Three eminent IT executives have re-appeared in unexpected places.
Joe Marengi, who resigned as president and CEO from Novell just two weeks ago, is joining PC manufacturer, Dell. It also emerged last week that Bob Frankenberg, Novell's former chief executive, will be joining Internet start-up Encanto Networks.
Meanwhile, John Sculley, a former CEO of Apple, has turned up at Catalyst, an investment firm specialising in the Israeli high tech industry.
Marengi, who had been at Novell since 1989, will join Dell in July as senior vice president of the company's relationship group, responsible for the Americas unit, serving enterprise, large corporate and medium-sized businesses. He will report to Kevin Rollins, senior vice president and general manager of Dell Americas.
Rollins commented: "We have aggressive plans to broaden our offerings to customers through the introduction of new products such as workstations, and new services such as expanded factory integration of software. The time is right to add someone with Joe's enterprise-level systems and networking experience to our management team."
Frankenberg, who was ousted from Novell last year after two years in charge, is understood to be joining California-based Encanto Networks as president and CEO. Following his departure from Novell, Frankenberg joined the board of Secure Computing at the end of last year.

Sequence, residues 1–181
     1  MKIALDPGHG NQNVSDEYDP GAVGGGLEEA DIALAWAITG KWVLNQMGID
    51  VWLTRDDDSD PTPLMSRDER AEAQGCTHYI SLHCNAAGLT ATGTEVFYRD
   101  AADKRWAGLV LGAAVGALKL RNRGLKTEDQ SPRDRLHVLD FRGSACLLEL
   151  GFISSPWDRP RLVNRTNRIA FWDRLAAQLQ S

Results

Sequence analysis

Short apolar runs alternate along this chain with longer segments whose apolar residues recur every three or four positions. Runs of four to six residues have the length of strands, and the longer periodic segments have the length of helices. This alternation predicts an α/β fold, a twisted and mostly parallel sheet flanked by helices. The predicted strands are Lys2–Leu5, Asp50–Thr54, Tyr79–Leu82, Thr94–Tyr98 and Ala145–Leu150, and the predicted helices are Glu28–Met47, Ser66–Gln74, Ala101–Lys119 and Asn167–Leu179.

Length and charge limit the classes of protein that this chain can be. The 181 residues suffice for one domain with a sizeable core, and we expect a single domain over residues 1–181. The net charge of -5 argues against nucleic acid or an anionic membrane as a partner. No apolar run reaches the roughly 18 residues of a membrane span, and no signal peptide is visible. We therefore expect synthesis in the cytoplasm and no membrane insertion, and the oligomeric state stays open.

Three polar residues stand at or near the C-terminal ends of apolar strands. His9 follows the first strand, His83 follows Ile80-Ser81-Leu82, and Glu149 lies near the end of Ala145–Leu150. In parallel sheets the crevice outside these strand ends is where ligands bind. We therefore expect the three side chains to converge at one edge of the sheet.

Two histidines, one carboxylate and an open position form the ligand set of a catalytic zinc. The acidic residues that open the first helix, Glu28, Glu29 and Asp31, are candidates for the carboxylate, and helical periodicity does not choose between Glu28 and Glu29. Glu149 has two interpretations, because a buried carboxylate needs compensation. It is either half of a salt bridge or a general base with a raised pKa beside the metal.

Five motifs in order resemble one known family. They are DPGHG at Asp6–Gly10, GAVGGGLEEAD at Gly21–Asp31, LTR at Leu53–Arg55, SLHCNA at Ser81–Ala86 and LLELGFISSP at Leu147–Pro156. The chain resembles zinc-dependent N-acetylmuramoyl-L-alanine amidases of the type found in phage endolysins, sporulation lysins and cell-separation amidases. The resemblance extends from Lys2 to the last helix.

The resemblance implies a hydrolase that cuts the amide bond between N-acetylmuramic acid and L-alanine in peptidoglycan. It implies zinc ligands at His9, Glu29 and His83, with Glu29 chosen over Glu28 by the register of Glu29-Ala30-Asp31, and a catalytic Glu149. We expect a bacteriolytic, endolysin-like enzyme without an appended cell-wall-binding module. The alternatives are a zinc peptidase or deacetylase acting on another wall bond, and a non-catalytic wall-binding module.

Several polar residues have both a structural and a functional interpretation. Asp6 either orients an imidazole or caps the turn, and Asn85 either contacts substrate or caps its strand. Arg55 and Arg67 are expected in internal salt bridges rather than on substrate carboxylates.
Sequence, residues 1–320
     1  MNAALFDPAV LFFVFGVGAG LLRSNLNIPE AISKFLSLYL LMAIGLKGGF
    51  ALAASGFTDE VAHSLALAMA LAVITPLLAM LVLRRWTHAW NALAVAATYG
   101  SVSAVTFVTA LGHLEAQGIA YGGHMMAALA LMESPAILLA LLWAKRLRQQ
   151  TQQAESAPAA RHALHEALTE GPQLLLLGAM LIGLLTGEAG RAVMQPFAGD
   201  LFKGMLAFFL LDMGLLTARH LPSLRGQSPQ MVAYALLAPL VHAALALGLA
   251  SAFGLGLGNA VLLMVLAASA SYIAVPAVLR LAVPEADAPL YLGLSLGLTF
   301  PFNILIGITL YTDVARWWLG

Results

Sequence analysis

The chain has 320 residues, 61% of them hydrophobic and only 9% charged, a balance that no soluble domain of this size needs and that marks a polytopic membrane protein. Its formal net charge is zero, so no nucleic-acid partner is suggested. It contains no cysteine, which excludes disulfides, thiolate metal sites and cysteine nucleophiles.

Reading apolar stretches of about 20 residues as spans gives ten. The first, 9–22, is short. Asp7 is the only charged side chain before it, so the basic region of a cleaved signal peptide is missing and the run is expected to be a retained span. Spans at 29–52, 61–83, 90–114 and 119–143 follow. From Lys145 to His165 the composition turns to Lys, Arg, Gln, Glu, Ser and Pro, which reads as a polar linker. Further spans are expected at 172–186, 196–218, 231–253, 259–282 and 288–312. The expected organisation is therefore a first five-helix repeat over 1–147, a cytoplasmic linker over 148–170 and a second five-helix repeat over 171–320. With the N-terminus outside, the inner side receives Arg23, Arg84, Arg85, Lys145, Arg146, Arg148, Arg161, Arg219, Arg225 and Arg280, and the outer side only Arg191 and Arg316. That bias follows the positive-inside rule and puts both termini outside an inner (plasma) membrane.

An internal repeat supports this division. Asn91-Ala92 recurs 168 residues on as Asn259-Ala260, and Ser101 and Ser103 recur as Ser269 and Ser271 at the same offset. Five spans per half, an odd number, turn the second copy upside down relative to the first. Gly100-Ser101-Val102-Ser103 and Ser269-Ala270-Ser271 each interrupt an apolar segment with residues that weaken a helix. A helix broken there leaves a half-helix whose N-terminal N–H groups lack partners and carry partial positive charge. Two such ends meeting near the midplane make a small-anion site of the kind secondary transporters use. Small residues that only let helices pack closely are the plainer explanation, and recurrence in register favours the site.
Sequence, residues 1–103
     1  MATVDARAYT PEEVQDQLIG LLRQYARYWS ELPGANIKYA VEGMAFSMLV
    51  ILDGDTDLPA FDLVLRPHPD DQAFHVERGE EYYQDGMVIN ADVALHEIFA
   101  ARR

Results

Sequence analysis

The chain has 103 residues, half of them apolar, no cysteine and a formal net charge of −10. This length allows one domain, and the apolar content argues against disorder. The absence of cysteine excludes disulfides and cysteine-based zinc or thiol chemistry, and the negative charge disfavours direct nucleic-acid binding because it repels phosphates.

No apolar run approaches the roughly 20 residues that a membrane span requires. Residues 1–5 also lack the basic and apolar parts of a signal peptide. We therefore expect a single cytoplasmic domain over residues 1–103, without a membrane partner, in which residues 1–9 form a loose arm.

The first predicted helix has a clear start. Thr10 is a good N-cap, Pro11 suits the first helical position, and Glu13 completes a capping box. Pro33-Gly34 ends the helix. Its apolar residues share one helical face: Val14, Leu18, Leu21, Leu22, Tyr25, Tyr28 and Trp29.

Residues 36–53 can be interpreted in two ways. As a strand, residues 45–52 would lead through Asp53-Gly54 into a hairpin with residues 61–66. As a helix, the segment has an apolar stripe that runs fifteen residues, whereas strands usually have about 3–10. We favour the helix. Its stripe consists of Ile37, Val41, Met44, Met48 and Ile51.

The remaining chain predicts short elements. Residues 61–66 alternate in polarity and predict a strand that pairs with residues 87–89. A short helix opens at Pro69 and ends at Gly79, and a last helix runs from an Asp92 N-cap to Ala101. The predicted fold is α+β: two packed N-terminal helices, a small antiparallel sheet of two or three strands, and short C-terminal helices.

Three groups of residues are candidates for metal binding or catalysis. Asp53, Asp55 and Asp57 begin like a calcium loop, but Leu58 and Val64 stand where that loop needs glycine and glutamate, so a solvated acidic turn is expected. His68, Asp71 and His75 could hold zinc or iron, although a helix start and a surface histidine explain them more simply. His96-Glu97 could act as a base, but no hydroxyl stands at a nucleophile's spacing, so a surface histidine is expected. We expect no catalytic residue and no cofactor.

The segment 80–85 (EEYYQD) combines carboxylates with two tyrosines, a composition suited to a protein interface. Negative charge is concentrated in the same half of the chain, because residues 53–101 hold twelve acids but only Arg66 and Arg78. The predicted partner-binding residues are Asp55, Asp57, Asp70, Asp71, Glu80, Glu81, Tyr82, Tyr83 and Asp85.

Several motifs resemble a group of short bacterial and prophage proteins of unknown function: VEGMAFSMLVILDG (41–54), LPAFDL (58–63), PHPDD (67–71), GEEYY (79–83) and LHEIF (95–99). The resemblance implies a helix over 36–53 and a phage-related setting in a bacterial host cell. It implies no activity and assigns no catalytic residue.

Sculley, already CEO of California-based Internet software developer Live Picture, is joining Catalyst's board of European merchant bankers and industrialists. Sculley, who left Apple three years ago, also has an investment in NetObjects, a Web publishing tool maker.
Cotton seedling freezes to death as Chang'e-4 shuts down for the Moon's 14-day lunar night
Fortnite easily out-earns PUBG, Assassin's Creed Odyssey and Red Dead Redemption 2 in 2018
Meteor showers as a service will be visible for about 100 kilometres in all directions
Saturn's rings only formed in the past 100 million years, suggests analysis of Cassini space probe data
New findings contradict conventional belief that Saturn's rings were formed along with the planet about 4.5 billion years ago